The prolonged decrease in oil prices has decidedly impacted the global economy more negatively than one thought initially. While consumption in advanced economies hasn’t benefited from an a priori favorable dynamic, the situation of Nigeria, Africa’s largest economy, embodied well the ambivalence of economic development in a globalized context.
If Nigeria is now on the brink of recession for the first time since 2004 that is also evidence this country progressively integrated itself into the global economy up to the point that it now undergoes its effects when one or several parameters change. Nigeria’s economy contracted by about 0.4% in Q1 2016, meaning that in case of contraction in the current quarter, Nigeria will officially be in economic recession, which is the most likely hypothesis according to local economists.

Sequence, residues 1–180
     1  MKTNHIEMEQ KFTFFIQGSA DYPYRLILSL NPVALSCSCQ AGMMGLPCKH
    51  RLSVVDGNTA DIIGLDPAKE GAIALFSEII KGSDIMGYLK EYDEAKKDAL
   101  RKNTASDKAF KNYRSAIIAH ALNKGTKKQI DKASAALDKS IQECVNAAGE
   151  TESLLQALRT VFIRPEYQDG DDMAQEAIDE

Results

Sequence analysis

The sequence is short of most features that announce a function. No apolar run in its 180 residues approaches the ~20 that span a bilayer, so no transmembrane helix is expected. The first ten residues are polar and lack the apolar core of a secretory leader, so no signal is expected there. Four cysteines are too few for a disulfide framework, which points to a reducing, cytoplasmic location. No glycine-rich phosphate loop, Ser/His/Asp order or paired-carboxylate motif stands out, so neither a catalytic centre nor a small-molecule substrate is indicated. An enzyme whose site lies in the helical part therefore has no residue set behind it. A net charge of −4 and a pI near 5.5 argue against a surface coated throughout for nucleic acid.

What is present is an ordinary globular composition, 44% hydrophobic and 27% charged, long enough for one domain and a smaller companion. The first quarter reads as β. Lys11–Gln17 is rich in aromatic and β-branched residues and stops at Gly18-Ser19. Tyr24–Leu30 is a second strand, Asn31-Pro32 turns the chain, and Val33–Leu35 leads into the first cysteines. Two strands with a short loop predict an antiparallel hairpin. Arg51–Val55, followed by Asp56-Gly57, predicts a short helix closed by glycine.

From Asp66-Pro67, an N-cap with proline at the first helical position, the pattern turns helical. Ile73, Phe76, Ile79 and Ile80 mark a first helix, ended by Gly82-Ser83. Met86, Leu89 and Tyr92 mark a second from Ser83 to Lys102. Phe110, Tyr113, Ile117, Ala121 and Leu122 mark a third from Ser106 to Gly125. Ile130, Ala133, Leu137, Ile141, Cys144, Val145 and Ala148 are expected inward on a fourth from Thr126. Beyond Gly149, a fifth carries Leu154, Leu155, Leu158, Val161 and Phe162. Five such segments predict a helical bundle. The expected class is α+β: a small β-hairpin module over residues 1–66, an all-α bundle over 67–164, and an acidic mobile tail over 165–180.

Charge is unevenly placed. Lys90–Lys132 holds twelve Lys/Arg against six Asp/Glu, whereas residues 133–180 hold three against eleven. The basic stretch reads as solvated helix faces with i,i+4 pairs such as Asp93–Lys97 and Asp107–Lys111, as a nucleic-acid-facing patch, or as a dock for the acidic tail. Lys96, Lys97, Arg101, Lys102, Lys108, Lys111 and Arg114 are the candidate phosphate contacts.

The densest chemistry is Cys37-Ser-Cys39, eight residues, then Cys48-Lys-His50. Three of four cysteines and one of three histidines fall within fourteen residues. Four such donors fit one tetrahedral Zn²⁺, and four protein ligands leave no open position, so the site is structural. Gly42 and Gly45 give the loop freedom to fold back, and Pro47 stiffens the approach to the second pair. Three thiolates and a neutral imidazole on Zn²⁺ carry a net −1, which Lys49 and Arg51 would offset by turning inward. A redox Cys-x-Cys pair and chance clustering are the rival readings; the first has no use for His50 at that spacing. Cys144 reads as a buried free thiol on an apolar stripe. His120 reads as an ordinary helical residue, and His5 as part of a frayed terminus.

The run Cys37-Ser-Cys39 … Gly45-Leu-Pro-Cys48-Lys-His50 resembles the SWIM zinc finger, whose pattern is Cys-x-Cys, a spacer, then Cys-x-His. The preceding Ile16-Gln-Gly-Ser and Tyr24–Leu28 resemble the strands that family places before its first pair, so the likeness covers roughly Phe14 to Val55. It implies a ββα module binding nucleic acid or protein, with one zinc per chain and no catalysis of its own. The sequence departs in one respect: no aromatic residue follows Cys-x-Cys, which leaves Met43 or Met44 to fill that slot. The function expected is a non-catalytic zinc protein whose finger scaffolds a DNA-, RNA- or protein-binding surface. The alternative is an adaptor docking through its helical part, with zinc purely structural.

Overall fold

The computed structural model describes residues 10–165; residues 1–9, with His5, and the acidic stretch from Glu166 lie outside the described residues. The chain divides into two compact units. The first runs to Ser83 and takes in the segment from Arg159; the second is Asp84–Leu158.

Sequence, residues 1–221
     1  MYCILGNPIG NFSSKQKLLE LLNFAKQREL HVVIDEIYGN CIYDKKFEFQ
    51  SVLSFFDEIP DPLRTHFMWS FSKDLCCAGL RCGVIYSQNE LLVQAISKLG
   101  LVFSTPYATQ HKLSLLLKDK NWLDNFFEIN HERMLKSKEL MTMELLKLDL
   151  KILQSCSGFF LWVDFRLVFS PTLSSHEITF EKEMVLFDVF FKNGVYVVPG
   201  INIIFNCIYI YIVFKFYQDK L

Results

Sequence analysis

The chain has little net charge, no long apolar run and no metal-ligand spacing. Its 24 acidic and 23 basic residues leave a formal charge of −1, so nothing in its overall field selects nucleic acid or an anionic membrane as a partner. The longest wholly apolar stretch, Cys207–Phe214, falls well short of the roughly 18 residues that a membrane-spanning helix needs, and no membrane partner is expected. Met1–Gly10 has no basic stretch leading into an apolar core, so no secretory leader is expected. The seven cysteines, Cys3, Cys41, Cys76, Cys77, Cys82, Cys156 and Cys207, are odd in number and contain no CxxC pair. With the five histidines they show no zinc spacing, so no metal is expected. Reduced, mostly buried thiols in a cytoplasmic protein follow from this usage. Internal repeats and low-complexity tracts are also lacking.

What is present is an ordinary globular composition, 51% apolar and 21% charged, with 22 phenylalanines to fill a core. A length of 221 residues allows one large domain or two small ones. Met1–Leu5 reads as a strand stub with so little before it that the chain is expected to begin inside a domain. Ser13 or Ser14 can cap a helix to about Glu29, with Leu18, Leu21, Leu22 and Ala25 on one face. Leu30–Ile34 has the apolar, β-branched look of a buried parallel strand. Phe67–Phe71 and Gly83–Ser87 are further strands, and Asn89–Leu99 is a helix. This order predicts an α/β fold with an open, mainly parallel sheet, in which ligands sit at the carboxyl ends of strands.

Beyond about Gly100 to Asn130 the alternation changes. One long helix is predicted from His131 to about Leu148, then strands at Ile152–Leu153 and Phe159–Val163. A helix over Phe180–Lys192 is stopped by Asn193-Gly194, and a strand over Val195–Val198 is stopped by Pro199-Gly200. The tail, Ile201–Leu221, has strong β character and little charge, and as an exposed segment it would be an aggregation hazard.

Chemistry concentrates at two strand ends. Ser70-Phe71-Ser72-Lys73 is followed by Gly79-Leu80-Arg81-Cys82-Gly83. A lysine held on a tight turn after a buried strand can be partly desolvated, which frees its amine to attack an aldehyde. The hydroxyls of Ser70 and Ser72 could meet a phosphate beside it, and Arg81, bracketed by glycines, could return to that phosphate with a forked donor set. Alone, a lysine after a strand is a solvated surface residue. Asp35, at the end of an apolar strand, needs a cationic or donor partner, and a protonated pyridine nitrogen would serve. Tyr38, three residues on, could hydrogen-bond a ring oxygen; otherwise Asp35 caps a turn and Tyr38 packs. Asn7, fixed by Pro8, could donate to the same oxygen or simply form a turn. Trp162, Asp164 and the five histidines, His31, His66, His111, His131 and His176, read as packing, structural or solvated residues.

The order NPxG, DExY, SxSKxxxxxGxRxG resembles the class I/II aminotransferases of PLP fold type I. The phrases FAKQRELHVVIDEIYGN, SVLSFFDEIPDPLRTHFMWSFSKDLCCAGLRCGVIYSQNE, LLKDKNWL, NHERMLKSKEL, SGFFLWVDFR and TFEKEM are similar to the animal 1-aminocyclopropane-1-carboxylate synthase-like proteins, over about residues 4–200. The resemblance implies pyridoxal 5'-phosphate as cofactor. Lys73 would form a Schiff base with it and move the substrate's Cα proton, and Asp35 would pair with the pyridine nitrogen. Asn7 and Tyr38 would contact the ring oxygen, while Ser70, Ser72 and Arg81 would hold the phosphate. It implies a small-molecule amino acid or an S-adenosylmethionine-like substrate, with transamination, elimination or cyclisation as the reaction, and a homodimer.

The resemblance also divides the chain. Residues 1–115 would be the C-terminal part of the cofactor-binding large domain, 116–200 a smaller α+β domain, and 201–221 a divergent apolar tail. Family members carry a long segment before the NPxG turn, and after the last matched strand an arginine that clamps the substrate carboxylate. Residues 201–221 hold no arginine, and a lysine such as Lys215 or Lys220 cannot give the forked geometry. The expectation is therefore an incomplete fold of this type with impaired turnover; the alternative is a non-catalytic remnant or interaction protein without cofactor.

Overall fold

In addition to low oil prices, the government appeared unable to fix national refineries and to increase the value of the national currency naira (NGN) against the US dollar (USD) for the imports of gasoline of which the price set by the state jumped 69% recently. Nigeria Labor Congress (NLC)-led opposition to President Muhammadu Buhari demanded a competitive devaluation as large demonstrations were spreading across the country where the security situation remained precarious especially for oil pipelines in the Niger Delta region.